REPORTERS' NOTEBOOK: Tom Paul digs deep for a good cause

Erie County Auditor Tom Paul's job revolves around keeping county expenditures in check, but when it comes to a good cause, he's wil
Sandusky Register Staff
May 24, 2010


Erie County Auditor Tom Paul's job revolves around keeping county expenditures in check, but when it comes to a good cause, he's willing to reach into his own pockets and lay down the green.

Recently, Paul purchased hundreds of dollars in savings bond prizes to award the winners of the student essay contest sponsored by the Sandusky Club of Black Business & Professional Women.

Paul said buying the savings bonds was a way for him to give back to a community that has helped him and a way to give future generations a head start.

"I believe in the club's mission and in what they are trying to do with the essays and the scholarships," he said. "I am the first person to help the club like this, and it allows them to put more money into the scholarships. It just allows the club to do more good for the community also and especially the younger generation of our community."

--Amanda Godfrey

Lean green police machine

You all saw the muscle-car photos that ran on our Autos page from the auto show in Detroit, but what I saw when I went to Detroit last week was the number of green cars. Detroit and everyone else is pushing green, green, green. There were hybrids and electrics that looked like race cars (the electric entry from Chrysler featured two spokesmodels guaranteed to gather attention) and the basement display consisted of a driving track in which you could go for a ride in a hybrid or an electric.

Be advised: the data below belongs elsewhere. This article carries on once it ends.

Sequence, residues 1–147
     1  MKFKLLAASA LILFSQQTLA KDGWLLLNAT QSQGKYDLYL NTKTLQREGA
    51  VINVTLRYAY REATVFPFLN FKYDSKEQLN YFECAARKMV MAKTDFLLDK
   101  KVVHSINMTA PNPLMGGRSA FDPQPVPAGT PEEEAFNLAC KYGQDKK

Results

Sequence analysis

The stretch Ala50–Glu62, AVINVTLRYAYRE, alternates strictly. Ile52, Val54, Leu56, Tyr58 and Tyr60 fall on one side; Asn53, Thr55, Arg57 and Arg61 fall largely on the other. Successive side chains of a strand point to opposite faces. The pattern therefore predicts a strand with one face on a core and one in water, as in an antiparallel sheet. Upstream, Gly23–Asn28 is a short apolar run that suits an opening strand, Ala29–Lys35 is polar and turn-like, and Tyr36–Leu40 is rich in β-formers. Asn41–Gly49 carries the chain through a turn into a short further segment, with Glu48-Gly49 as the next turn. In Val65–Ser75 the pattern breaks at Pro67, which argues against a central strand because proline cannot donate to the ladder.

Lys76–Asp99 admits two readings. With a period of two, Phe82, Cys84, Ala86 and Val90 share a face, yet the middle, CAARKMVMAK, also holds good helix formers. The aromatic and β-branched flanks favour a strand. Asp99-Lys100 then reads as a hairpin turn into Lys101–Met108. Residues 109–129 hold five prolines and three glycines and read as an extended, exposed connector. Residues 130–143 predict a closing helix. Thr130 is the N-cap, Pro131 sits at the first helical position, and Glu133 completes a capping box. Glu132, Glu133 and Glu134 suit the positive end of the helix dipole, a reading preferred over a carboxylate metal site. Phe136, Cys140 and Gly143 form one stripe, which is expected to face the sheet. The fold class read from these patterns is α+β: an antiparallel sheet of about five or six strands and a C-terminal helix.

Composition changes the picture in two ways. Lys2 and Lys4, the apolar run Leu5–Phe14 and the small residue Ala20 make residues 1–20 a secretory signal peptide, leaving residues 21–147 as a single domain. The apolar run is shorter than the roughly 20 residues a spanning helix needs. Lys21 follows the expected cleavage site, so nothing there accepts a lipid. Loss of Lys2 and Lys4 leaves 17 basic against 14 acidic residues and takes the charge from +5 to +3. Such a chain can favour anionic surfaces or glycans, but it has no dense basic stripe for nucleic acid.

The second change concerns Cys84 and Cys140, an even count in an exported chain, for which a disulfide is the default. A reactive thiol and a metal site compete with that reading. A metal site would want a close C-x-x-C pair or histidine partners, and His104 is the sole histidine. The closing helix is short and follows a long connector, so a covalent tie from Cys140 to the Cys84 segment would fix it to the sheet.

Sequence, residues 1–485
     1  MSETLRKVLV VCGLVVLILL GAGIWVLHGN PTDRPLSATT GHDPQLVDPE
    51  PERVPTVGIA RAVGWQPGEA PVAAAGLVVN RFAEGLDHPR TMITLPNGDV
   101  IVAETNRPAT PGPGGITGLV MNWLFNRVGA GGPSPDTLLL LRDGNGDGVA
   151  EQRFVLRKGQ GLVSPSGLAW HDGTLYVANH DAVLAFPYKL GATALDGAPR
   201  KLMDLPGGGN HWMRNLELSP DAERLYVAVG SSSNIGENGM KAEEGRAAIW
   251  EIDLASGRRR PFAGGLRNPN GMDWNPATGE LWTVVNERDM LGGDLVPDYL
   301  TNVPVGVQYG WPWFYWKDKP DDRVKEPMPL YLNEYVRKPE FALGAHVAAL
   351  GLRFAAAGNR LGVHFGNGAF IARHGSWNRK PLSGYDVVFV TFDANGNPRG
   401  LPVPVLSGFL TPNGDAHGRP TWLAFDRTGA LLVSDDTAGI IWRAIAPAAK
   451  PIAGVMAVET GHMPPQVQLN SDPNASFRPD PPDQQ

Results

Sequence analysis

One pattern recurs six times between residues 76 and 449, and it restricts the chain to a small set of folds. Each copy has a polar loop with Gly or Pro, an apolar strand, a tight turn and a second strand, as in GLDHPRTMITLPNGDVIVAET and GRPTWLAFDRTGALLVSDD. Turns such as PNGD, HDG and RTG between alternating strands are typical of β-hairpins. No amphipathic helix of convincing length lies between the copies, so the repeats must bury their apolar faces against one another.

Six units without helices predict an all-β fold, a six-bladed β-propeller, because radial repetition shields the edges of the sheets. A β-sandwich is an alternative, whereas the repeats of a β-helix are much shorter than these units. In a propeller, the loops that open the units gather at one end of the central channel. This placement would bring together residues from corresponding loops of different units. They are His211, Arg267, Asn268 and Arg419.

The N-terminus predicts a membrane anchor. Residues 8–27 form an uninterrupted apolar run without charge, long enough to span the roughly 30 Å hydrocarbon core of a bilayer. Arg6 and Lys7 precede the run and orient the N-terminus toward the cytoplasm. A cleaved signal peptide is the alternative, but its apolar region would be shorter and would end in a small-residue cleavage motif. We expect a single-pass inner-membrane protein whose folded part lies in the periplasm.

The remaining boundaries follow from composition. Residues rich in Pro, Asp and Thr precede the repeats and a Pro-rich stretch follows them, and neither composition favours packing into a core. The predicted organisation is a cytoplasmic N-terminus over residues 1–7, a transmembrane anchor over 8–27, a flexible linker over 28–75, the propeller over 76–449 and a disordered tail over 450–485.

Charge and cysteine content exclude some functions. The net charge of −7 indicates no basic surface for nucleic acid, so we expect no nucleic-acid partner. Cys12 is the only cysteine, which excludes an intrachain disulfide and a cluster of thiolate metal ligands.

Everyone seemed to want to ride in one of the "green" sedans or SUVs but I figured I could ride one of those any day of the week. I told the guy with the sign-up sheet I'd let anyone who wanted to go ahead of me do so, if only I could ride in the little plastic electric "GEM" car belonging to the Detroit Police.

Officer Grimes of the Detroit Police told me the car could do 25 mph, but he knew of one that could do 80 mph. The police use theirs mainly for public relations stuff and, with the help of distorting goggles -- real-life "beer goggles," I guess you could call them -- to teach people what it's like to drive drunk. It's completely street legal, he said -- and I noticed a two-seat version, a pickup truck version and a "bus" version on prominent display in the main level at Cobo Hall.

I wondered at the police car's plastic cabin and the uninspiring plastic "clunk" the door made when I shut it and the claim of one of these things doing 80 mph.

"I think we're each other's side air bag," I told Officer Grimes.

In general, the stripped-down Detroit show, nowhere near as glitzy as in year's past as the auto industry stares into the abyss, seemed to take a page from Cleveland's auto show -- plainer, but more things to do. We'll see what happens at the I-X Center in a month or so.

-- Don Lee

Open 24 hours, but not in a row

I once lived in Philadelphia, Pa., and had a gym membership at a place called 24 Hour Fitness.

The health club closed at about 10 p.m., and wouldn't open the following day until 6 or more hours later.

Let's see ... carry the one, and -- nope. I did the math, and it's not quite 24.

I was pleased to do a story about a new gym in Huron that lives up to its name.

Anytime Fitness is open -- tra-la -- anytime. Its members have key cards (fobs, to be more accurate) that allow them access to the gym at all hours of the day and night.

How convenient.

If only all businesses lived up to this set of principles -- meeting the expectations set forth by their names.

Of course, the exception that proves the rule is Burger King.

I'm glad it's not fit for royalty, because royalty I am not, and yet Burger King I love.

--Cory Frolik